• Please contact: Dr. Barbara Chapman and Tony Curtis (barbara.chapman and anthony.curtis at stonybrook.edu)

Machine Learning for deblending galaxies from multiple mixture galaxies images

Research on the galaxy deblending task, i.e. obtain each single galaxy image in a cosmology image with multiple galaxies mixed with each other. Generative adversarial networks (GAN) are becoming widely used on many image-to-image translation applications, such as super resolution, de-noising, and more. In this research project, we plan to apply the modern GAN-based machine learning model to translate a multiple galaxies mixture image into a single galaxy image, with prior knowledge from physics involved. The outcome of this project can also be used to handle the general transparent object segmentation task in the field of computer vision.

  • Please contact: Dr. Yuewei Lin, Brookhaven National Lab; ywlin at bnl.gov

Graph convolutional neural networks for object detection

The modern deep neural network based-model has achieved great success in object detection tasks in terms of both accuracy and speed. However, such applications usually do not take the relationships between the detected objects into account. For example, in a city scenario, there is a low chance of detecting a goat, and if a goat is detected, it is probably in a posted advertisement. On the other hand, graph convolutional networks (GCN) have gained more and more attention on account of their ability to handle graph-structured data, and they are a natural choice for modeling the relationships between different objects. In this cutting-edge research project, we plan to develop an object detection model that combines CNNs and GCNs to consider independent information, context information and relationships between objects.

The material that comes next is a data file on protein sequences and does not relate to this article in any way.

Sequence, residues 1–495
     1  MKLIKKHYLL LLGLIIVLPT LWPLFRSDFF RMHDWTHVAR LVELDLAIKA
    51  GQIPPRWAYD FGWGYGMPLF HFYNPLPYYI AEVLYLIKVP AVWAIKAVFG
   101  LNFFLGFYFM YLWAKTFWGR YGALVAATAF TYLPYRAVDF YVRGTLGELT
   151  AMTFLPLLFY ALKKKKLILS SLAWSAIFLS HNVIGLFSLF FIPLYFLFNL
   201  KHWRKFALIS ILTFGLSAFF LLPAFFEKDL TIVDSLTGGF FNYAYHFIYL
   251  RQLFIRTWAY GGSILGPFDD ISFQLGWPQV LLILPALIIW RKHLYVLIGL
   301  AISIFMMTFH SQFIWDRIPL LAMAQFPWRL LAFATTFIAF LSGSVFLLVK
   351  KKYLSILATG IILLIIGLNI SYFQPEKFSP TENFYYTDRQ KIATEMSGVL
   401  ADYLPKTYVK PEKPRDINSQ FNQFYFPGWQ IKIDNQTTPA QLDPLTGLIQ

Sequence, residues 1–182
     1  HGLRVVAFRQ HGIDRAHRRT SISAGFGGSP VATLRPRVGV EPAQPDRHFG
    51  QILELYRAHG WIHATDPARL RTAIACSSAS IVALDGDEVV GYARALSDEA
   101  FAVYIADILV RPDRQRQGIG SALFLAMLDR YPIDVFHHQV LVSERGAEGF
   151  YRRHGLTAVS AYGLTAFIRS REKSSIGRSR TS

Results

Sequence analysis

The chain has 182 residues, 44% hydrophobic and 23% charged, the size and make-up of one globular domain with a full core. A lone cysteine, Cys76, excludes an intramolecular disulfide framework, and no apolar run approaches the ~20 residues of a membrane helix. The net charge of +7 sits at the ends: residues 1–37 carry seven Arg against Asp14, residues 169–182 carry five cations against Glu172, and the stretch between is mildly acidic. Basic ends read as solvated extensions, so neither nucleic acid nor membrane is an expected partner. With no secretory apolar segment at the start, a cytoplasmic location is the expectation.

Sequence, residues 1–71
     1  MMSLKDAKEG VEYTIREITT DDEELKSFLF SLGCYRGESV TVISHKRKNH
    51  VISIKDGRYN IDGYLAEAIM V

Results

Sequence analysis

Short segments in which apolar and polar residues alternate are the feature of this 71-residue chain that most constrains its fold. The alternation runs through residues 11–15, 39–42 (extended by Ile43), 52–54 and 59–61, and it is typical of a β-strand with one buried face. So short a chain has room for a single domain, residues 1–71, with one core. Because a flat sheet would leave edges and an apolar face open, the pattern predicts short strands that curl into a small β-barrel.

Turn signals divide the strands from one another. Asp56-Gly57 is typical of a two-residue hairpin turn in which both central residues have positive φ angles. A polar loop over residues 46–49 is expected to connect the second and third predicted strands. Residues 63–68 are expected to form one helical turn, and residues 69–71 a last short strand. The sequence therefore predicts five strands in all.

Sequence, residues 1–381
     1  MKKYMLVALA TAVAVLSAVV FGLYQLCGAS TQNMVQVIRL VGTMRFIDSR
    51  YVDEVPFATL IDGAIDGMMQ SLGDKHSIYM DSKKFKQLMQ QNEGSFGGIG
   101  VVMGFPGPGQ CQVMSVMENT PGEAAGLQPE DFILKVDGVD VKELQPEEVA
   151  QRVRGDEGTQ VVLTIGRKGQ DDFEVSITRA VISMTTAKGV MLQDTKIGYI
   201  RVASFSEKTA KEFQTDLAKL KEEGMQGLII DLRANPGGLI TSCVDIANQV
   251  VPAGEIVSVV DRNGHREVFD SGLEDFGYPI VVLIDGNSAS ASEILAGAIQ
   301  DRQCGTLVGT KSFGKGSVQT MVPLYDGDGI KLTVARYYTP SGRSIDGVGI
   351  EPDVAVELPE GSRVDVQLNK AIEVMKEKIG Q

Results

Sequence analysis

• Please contact: Dr. Yuewei Lin, Brookhaven National Lab; ywlin at bnl.gov

Machine learning techniques in cryogenic electron microscopy (cryo-EM)

Cryo-EM is currently a widely used method for protein structure determination, which aims to determine the structure of 3D specimens from multiple 2D projections. The whole pipeline includes data simulation, particle detection/segmentation in cryo-EM images, 3D reconstruction, and etc. We have a new interdisciplinary research project in which we plan to apply modern machine/deep learning techniques to support a cryo-EM framework. There are several possible research activities related to the various areas of interest in the project that may benefit from machine learning.

  • Please contact: Dr. Yuewei Lin, Brookhaven National Lab; ywlin at bnl.gov

Deep Learning Techniques for Compiler Optimization

The compiler optimization space continues to grow due to the advancement of applications, increasing number of compiler optimizations, and new target architectures. Generic optimization passes in compilers cannot fully leverage newly introduced optimizations and, therefore, cannot keep up with the pace of increasing options. Machine learning techniques can help a compiler engineer overcome this problem. In this project, we will apply different deep learning techniques to various compiler back end optimizations.

  • Please contact Dr. Abid Malik, Brookhaven National Lab, amalik at bnl.gov